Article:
100. It seems to me that, taking a realistic approach to the manner in which these credit hire cases are handled and tried, the judge was entitled to make the 15% adjustment. He had, as he said at the hearing, twenty years’ experience of credit hire cases and will have seen many instances of the differences between 7 day, 14 day and 28 day rates in the cases he has tried. That was precisely the matter of which the claimant was inviting him to take judicial notice. He will also have been well aware of Pattni/Bent (No. 2), which counsel for the claimant cited to him in her submissions and also of the 12% discount of the 7 day rate to reflect the 28 day rate which the judge at first instance applied, albeit after counsel for the claimant had indicated he would accept a discount of 10-12%, and which was accepted as correct by the Court of Appeal (see [90] of the judgment of Aikens LJ). Mr Hough QC accepted that the judge in the present case could not treat that 12% figure as evidence in this case, but submitted, it seems to me correctly, that it would have been a “sense check” for him as to whether the 15% uplift was reasonable.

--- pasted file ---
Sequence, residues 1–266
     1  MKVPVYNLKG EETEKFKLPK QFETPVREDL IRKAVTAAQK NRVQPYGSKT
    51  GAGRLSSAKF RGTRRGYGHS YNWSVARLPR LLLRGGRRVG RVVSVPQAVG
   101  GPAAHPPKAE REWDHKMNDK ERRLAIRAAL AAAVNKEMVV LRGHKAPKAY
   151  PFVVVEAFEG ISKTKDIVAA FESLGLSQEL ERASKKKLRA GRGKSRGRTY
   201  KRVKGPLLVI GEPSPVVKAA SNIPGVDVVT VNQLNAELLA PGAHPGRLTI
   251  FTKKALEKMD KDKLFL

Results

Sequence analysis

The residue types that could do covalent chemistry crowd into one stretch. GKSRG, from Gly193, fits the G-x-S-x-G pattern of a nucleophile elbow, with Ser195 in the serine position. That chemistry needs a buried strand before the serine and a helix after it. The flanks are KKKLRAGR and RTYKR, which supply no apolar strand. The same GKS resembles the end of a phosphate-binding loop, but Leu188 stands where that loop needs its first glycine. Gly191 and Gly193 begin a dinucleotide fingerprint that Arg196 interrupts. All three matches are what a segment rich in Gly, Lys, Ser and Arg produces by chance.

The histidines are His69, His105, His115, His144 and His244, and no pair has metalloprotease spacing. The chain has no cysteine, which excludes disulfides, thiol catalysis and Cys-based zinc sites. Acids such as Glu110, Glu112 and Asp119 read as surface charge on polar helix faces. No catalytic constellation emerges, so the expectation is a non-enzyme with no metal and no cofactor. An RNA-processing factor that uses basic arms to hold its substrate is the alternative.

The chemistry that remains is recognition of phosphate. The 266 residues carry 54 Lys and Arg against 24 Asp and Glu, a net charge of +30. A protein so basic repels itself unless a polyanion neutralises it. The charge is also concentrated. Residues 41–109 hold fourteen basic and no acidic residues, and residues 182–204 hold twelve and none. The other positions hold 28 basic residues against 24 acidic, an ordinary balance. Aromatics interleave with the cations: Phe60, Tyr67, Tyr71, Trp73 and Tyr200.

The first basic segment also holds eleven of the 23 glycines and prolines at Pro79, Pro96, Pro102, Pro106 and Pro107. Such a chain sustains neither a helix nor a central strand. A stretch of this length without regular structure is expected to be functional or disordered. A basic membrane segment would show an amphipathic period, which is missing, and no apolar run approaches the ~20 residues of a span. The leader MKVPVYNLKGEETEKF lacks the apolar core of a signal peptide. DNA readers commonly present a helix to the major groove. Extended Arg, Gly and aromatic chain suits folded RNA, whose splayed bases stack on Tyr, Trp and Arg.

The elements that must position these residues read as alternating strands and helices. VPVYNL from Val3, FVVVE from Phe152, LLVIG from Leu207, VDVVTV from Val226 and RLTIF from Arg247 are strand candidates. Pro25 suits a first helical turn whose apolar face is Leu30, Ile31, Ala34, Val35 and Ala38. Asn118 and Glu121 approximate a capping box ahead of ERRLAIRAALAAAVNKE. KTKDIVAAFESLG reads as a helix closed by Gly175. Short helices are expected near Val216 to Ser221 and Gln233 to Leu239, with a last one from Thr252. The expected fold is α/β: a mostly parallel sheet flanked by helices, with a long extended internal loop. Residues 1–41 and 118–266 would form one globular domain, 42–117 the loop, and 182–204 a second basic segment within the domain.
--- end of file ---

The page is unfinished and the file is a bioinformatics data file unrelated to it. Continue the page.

101. Mr Spearman QC can, of course, make great forensic play of the point made by the judge both in argument and in the judgment about guesswork, but in my judgment, if the judge had not made all those comments but had just made the adjustment to reflect the higher rate a car hire company would charge for a 7 day rate rather than a 28 day rate, of which the claimant had asked him to take judicial notice, drawing on his own considerable experience of credit hire cases, he could not have been criticised. It seems to me that, despite his colourful comments about guesswork, in arriving at the 15% upward adjustment, he must in reality have been drawing on his considerable experience of such cases and the judicial knowledge to which he had referred in the previous paragraph of his judgment that you pay more for a 7 day hire than for a long term hire. Accordingly, whilst the judge can be legitimately criticised for his conduct of the hearing, I do not consider that he can be criticised for making the 15% adjustment which he did.